Plan early for spectacular, sure-to-please, holiday baskets fresh from your garden. This spring and summer, while you are tending your garden beds, think about how to use that bounty to make inexpensive holiday baskets that are sure to please. Dried herbs, canned produce, saved heirloom seeds, and even plant seedlings can be the basis for a whole set of gift baskets, perfect for teachers, housekeepers, friends, and family.
Start with the Basket
Choose a special container. It could be a basket, a flowerpot, or even a straw gardening hat. Any gift basket is made better with a unique presentation. Interesting baskets and flowerpots can be found at estate and garage sales during the summer. Another good source of containers, particularly baskets, is discount fabric and craft stores. Look for off-season sales.
Herbs, plentiful in the summer, can be hard to find in the cold, northern winters. Pick lavender, thyme, oregano, parsley, or mint at their prime and hang bunches in your garage or basement until they are dry, turning them occasionally. Peppers and garlic bulbs also dry nicely and look festive when strung with twine.
Do the Can Can
Canned produce is especially welcome in the dead of winter. Freshly canned tomatoes, homemade strawberry or peach preserves, spicy salsa, and pepper, herb, or fruit-infused vinegars all make delicious and colorful gifts. Pickled produce is also welcome. Such items as pickled jalapeno peppers and pickled beets are easy to prepare and last up to a year. When putting in your garden this spring, consider what produce you can share with your friends in a holiday gift basket.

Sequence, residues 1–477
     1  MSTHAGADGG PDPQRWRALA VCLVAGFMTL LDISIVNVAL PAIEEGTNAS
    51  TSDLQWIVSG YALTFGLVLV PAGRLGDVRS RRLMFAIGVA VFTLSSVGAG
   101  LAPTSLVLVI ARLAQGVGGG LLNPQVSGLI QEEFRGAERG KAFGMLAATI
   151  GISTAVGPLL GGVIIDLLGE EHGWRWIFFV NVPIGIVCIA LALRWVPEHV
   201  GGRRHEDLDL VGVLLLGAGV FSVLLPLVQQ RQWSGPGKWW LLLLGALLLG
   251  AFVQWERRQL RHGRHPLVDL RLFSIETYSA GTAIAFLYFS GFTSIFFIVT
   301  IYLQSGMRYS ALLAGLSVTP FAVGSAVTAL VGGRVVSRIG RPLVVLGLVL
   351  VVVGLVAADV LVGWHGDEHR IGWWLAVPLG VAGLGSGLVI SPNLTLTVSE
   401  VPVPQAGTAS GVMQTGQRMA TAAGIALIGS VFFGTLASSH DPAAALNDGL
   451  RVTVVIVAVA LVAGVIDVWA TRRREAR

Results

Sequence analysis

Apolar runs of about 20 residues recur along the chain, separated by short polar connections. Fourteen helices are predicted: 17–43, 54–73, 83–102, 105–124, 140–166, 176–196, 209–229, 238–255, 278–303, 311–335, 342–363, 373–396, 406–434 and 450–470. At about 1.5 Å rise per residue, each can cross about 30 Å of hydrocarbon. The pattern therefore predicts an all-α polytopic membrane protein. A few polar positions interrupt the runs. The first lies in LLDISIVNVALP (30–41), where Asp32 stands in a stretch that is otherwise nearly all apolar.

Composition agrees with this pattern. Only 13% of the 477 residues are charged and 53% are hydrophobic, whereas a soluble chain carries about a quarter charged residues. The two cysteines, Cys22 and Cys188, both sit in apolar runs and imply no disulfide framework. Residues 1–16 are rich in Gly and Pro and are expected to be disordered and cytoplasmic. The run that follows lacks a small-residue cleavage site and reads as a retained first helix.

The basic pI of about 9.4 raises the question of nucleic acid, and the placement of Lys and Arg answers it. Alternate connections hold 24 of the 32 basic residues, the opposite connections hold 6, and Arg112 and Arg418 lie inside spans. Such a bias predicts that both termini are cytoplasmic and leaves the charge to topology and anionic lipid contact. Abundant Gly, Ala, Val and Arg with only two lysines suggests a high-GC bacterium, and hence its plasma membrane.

Seeds of Friendship
Saving seeds is always a good idea, especially seeds of heirloom plants. Continuing the plants of our ancestors is a way to maintain a sense of history and continuity between generations. Seeds are also a fun, free gift idea. Seeds from Pansies, Coneflowers, and Columbine are easily collected and easy to grow. Edible seeds such as Sunflower seeds and Dill are also good choices. Store the seeds in airtight containers or in the crisper drawer of your refrigerator until it’s time to assemble your gift basket.
Putting It All Together
You’ve planted, harvested, dried, canned, and gathered. Now it’s time to assemble your gift basket. Start with the basket or other container. Fill it with something festive, like shredded garden magazine pages, colored tissue paper, or even Easter grass. Add your prepared items, perhaps adding little decorative touches, such as fabric lid covers on the canning jars. Assemble the items, maybe adding a cookbook or other recipe ingredients to round out the basket. Finish the basket by wrapping it in colored saran wrap or by adding a colorful bow. Include a card, if you so desire, and you’re ready to deliver your basket.
Think ahead as you dig in the dirt this spring and summer. Consider what you can share with friends later in the year. Plan a little now and you’ll agree a homegrown gift basket is a great holiday idea.